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Adapted from "Captain Henri De Balathier Claiborne, United States Navy" [biography, dated 2 February 1945] in Modern Biographical Files collection, Navy Department Library.

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Henri De Balathier Claiborne

11 August 1903 - [no death date]

Photo of Captain Henri De B. Claiborne copied from page 392 of the 1926 edition of the U.S. Naval Academy yearbook 'Lucky Bag'.

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Captain Claiborne was born in New Orleans, Louisiana, August 11, 1903. He attended the Jesuit College and the New Orleans Academy, New Orleans, and the Severn School, Severna Park, Maryland, before being appointed to the Naval Academy from Louisiana in June 1922. He graduated and was commissioned Ensign in 1925 and progressed in grade to Captain, August 1, 1943.

After graduation in 1926, Captain Claiborne remained at Annapolis for instruction and later joined USS Tulsa, operating with the Special Service Squadron. In 1927 he was commanding officer of the landing force from the Tulsa in Barra Rio Grande, Nicaragua, during the Nicaraguan Campaign of 1926, 28.

Captain Claiborne returned to the United States and after a course of instruction at the Naval Operating Base, Hampton Roads, Virginia, joined USS Texas. Subsequently, he had duty at Cavite, PI, and from 1930-1931served in USS Helena on the South China Patrol of the Asiatic Fleet during the Wang-Ching Wei Revolution. From 1931-1934 he was attached to the American Embassy in Tokyo, Japan, as a language student and completed the course in Japanese.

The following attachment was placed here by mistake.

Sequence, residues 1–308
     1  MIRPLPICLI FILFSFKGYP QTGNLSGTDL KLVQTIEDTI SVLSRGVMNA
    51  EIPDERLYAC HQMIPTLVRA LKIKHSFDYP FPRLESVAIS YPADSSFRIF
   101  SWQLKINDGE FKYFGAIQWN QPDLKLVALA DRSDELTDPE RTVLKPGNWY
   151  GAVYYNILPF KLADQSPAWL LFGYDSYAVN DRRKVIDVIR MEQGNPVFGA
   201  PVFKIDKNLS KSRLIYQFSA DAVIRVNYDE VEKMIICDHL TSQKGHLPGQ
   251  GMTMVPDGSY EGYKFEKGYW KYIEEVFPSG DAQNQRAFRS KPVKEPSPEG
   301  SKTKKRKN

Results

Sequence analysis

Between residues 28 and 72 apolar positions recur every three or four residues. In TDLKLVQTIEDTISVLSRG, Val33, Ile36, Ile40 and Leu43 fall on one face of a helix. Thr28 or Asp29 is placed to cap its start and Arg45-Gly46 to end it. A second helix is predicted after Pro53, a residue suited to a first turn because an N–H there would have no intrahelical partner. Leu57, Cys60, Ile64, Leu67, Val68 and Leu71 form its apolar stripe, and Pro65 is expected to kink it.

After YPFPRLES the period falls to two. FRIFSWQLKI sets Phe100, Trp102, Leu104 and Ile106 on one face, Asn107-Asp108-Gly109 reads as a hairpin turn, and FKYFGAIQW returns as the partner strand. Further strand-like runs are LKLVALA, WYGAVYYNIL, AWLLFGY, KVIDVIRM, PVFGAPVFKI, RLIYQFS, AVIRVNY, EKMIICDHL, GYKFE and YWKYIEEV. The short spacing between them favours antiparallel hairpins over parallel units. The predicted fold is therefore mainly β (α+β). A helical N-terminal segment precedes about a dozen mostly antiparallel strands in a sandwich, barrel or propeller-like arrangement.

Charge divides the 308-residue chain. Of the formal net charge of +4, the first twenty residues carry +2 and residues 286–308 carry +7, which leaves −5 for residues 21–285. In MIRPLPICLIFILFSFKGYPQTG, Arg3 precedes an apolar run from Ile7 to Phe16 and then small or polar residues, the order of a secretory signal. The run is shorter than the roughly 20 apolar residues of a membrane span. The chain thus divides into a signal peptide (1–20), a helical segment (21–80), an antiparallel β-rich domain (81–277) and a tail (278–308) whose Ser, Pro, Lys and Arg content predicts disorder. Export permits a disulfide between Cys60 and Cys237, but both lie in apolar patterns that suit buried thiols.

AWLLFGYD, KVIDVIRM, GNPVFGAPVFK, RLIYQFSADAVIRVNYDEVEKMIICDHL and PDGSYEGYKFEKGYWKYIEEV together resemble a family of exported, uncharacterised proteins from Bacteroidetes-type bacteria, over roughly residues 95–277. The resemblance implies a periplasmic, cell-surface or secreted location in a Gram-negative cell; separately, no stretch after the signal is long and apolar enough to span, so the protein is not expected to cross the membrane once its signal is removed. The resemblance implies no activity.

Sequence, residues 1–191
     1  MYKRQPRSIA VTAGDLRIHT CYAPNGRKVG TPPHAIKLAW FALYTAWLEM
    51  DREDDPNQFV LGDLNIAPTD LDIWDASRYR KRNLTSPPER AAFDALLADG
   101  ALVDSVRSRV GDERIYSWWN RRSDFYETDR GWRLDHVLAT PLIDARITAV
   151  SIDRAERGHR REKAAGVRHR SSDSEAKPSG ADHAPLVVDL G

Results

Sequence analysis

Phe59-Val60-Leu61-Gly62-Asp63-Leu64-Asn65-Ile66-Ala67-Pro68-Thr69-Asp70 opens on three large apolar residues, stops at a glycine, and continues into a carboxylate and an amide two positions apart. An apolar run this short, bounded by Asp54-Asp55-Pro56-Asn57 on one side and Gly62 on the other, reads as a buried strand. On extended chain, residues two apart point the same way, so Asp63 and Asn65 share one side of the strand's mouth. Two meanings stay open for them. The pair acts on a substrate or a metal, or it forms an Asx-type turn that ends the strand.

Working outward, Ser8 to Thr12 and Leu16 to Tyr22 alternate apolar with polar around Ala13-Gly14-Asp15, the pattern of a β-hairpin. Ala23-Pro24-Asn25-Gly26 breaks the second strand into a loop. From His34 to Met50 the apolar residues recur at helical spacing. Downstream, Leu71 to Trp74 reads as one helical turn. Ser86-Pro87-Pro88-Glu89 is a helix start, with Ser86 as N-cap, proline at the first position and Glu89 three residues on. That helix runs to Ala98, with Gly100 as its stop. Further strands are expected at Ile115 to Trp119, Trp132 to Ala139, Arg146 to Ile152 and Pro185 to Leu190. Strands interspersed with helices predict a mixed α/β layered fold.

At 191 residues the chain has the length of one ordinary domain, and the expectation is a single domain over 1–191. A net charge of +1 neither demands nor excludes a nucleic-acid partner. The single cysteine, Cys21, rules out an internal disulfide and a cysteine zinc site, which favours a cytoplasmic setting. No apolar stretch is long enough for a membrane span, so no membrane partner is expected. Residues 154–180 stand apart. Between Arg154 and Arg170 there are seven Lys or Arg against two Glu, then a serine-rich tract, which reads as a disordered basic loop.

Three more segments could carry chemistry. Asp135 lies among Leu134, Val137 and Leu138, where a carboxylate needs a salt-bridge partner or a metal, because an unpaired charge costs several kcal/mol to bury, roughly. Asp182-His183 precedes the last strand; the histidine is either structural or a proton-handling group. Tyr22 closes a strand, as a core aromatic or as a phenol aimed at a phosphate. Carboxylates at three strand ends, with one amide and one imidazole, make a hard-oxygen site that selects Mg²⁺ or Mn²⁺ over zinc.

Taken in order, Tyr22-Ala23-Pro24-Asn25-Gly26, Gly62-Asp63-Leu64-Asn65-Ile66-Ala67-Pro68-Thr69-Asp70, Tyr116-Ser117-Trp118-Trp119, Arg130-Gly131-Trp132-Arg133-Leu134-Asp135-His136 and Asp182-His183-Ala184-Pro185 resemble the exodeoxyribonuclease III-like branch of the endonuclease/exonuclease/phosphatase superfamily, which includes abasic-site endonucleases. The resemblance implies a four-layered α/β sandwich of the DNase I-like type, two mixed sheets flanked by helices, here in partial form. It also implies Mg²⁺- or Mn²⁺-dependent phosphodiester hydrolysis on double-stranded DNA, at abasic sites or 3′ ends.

Returning to the United States in 1934, Captain Claiborne had consecutive tours of duty in the Bureau of Naval Operations, Navy Department, Washington, DC, in USS Marblehead and USS Richmond. Following duty as naval intelligence officer, Eleventh Naval District, San Pedro, California, he served as gunnery officer of USS Omaha, which evacuated American refugees from Lisbon, Portugal, in 1940.

On November 6, 1941 while he was still attached to that vessel, the Omaha captured the German motor ship Odenwald, masquerading in the South Atlantic as an American merchant vessel. The commanding officer of the Omaha, Captain Theodore E. Chandler, (now Rear Admiral, deceased) identified the motor ship as a hostile craft even though she was disguised at USS Willmoto of Philadelphia, and was flying the US flag. Although an attempt was made by the German to scuttle their ships, a landing party from the Omaha was sent aboard, effected repairs and took her under own power to San Juan, arriving eleven days later. After the outbreak of the war in December 1941, the Omaha continued her South Atlantic patrol.

Detached from the Omaha in August 1942, Captain Claiborne was transferred to duty in the Navy Department, Washington, DC, where he is now serving as a member of the Joint Intelligence Staff under the combined Chiefs of Staff.

Captain Claiborne has the Nicaraguan Campaign Medal (USS Tulsa), the America Defense Service Medal (USS Omaha), and the American Area Campaign Medal (USS Omaha).


Published: Tue Mar 16 09:45:48 EDT 2021